Beth Tfiloh School girls’ soccer goalie Molly Himmelrich said she always thinks about coming out of the goal to challenge an opponent.

“I always have to know where I am in relation to the goal, making sure I’m between the player and the goal at an angle where they can’t see either post,” said Himmelrich. “It all depends wherever it’s a fast break or a long shot, but I’ve got to make a quick decision. It’s all about the decision making.”

Himmelrich has been a standout in the net for the Warriors the last three seasons. She also has Crohn’s disease, a form of inflammatory bowel disease which usually affects the intestines.

Crohn’s and ulcerative colitis (affects lining of large intenstines) are IBDs. According to the Crohn’s & Colitis Foundation of America, about 1.5 million Americans suffer from Crohn’s or ulcerative colitis, about 10-percent of them under the age of 18.

Himmerlich hasn’t let the condition define her.

“She really does a good job balancing all that she does. When she puts her effort into things, she accomplishes it,” said Himmelrich’s father Ned. “There was a time when she was a freshman, it was going to be a major hindrance in what she wanted to be doing with her life.”

“It was an inspiring experience,” said Molly, “but at the time, it was rough.”

“A little stomach ache”

Himmelrich’s life changed while on a spring break trip with her family in 2006.

“My stomach was just acting up,” said Himmerlich. “At first, I thought it was a little stomach ache and I didn’t tell my parents. It kept coming back and knew I couldn’t hide it anymore.”

In June that year, after tests at The Children Hospital at Sinal, Himmelrich was diagnosed with Crohn’s. She could no longer enjoy summer delicacies like corn on the cob, and needed to pay strict attention to her diet.

Himmelrich said family and friends made the adjustment smoother. Among the symptoms associated with Crohn’s are diarrhea, stomach cramps, weight loss, fever and dehydration.

“They know that I’m not feeling well, they have to be patient with me,” said Himmelrich. “My parents have to talk to them and if I’m in the bathroom longer than usual for them to check on me.”

Himmelrich hoped to be with her friends to start her freshman year at Beth Tfiloh, but a major flare up with her condition resulted in a three-week stay at Sinai. She also planned to try out for the varsity soccer team.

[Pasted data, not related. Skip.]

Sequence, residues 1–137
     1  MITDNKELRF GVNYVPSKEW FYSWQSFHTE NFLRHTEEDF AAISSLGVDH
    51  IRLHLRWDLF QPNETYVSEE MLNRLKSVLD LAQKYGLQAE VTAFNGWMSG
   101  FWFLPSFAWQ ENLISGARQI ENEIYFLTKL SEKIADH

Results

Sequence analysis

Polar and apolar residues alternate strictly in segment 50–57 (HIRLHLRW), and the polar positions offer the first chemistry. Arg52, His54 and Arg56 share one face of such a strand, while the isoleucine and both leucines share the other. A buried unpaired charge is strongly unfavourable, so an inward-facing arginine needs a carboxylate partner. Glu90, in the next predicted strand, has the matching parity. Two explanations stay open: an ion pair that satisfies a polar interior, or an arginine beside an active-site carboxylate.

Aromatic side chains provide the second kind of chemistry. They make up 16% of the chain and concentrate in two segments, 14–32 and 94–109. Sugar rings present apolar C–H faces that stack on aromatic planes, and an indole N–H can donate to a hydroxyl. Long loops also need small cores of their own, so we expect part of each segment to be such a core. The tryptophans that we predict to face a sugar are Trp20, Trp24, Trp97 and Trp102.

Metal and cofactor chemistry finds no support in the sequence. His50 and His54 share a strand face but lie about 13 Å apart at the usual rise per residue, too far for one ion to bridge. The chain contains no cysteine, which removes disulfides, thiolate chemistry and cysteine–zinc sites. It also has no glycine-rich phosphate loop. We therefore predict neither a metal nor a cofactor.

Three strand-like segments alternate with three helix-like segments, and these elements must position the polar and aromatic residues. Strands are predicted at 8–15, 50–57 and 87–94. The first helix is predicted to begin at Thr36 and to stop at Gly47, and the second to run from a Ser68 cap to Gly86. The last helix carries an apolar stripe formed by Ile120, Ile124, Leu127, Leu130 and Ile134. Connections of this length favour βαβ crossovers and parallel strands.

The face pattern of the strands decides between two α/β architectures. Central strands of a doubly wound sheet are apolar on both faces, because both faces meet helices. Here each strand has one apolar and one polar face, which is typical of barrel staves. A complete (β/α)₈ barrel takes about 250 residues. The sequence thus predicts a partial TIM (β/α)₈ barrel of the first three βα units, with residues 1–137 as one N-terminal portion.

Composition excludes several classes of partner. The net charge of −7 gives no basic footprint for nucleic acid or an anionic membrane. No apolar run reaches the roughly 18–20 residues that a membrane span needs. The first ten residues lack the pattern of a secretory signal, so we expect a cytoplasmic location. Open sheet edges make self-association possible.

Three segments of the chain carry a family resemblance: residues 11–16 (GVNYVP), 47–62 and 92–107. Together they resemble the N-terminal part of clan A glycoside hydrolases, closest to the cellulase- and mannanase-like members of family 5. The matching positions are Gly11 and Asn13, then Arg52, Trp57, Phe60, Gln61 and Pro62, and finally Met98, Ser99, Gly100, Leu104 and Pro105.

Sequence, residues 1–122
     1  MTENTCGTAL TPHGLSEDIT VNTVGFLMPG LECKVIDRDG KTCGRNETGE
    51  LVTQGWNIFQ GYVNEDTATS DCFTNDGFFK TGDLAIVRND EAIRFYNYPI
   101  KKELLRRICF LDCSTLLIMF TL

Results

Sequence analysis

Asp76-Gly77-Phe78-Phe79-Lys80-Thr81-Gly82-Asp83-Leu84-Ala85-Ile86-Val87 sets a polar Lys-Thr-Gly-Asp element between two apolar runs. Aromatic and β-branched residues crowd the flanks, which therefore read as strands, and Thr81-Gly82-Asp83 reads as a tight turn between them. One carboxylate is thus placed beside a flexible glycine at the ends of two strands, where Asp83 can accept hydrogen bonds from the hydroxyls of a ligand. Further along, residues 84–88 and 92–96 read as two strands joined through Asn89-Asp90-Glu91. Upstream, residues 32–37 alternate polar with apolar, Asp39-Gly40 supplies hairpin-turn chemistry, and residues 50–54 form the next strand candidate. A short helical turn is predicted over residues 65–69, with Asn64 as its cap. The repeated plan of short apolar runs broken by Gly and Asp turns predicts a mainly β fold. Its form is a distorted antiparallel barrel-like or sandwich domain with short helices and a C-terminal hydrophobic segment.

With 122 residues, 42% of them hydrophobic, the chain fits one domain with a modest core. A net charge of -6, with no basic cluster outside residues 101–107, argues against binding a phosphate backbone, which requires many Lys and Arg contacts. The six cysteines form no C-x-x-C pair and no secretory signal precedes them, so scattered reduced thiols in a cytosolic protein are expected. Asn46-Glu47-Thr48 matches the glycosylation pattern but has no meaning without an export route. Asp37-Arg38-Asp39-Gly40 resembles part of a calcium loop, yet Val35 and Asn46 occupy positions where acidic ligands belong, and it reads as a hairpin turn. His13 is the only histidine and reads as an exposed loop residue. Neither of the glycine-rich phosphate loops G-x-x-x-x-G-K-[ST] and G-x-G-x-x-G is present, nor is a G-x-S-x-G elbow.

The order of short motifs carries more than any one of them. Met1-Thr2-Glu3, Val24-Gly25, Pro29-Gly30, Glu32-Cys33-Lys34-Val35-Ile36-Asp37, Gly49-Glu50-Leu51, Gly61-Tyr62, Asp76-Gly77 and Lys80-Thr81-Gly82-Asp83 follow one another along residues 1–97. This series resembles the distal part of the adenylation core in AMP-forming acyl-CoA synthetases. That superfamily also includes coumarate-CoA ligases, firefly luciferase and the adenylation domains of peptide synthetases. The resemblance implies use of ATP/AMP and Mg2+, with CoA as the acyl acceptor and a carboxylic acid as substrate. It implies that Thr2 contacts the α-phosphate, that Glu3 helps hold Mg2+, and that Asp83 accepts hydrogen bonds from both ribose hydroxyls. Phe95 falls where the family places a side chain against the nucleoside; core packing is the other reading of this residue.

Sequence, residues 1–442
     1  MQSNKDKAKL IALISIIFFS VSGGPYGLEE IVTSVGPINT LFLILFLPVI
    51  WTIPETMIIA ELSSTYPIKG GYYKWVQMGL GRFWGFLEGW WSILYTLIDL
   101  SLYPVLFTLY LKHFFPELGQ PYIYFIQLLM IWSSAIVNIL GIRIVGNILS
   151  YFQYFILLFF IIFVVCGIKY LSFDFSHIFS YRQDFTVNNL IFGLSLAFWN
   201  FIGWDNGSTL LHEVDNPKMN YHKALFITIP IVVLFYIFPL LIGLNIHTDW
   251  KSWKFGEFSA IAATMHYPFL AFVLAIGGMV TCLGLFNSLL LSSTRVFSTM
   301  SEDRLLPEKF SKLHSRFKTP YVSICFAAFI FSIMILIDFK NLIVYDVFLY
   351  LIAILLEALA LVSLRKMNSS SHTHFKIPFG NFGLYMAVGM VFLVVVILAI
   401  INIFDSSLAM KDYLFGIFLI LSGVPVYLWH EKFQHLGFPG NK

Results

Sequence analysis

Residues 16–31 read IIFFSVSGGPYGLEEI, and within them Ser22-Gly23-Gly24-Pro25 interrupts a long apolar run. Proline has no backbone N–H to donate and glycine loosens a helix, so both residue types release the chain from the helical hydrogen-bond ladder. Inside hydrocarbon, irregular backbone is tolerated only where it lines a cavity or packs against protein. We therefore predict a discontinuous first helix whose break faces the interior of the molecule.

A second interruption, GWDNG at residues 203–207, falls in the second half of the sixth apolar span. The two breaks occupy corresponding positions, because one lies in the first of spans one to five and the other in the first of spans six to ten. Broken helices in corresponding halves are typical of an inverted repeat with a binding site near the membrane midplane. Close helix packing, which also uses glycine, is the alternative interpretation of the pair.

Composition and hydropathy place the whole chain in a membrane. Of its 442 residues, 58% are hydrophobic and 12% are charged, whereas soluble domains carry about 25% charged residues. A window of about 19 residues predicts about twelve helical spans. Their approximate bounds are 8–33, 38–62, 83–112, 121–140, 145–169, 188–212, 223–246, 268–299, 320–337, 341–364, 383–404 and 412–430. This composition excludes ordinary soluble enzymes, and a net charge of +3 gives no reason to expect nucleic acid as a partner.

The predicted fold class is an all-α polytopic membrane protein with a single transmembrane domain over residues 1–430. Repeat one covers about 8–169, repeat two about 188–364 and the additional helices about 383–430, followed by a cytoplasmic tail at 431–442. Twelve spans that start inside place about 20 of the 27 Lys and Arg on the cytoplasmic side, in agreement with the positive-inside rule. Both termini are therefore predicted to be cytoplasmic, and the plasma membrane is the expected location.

After leaving Sinai, she went straight to the Old Court Road school where sister Abby was playing a game with the Warriors’ varsity.  After couple of weeks of conditioning, Himmelrich gained a spot on the junior varsity, and scored two goals in her first game.

“It was hard for her to miss the whole preseason. She wanted to be on the team with her sister; she wanted to be on team with her friends,” said Ned Himmelrich. “It was a tough three weeks for her.”

Learning to balance

Every eight weeks, Himmelrich takes Remicade, a biological drug, through infusion at Sinai. An A-student who also does ballet and jazz dance during the week, Himmelrich has managed to keep her busy schedule with minimal interruption.

“The first six weeks, I make sure to get most of my work done and tasks around the house plus a little more,” said Himmelrich. “I know that last week I’m not going to want to do anything.”

“It’s not an easy disorder to deal with, it’s chronic condition and symptoms can wax and wane,” said Dr. David Tuchman, Himmelrich’s gastroenterologist. “Molly has a great attitude and is very courageous. She really doesn’t let anything stop her.”

This is especially true on the soccer field, where she’s helped Beth Tfiloh to a perfect mark in IAAM C Conference play (2-0, 2-2-1 overall). Himmelrich, who also plays goalie for the Warriors’ indoor squad during the winter, said two of her best games have come after infusion sessions which usually take two hours.

Beth Tfiloh first-year coach Russ Parisi said he was surprised to find out Himmelrich was a goalie after a couple of days of preseason practice.

“I thought she was going to be our starting defender, that’s how aggressive she is,” said Parisi.  “She’s very good at reading where the ball’s going to be. It’s surprised me how tough she is especially with the things she has to endure.”

Looking to the future

Himmelrich hasn’t made a decision about college, but proximity to a hospital is at the top of the list of requirements. She said she wants to be a pediatric gastroenterologist.

“It’d be cool to learn more in depth what is happening to my body, and help kids who are like me and help them work to their goals,” said Himmelrich.

She admits she asks herself ‘Why me,” when she’s not feeling well. But like a soccer goalie coming out to challenge a shot, Himmelrich realized there’s only one decision.

“It’s expressed a whole other side of me,” said Himmelrich. “It doesn’t matter what I’m doing or how I’m feeling, I have always persevered to be motivated and confident I can get through this. “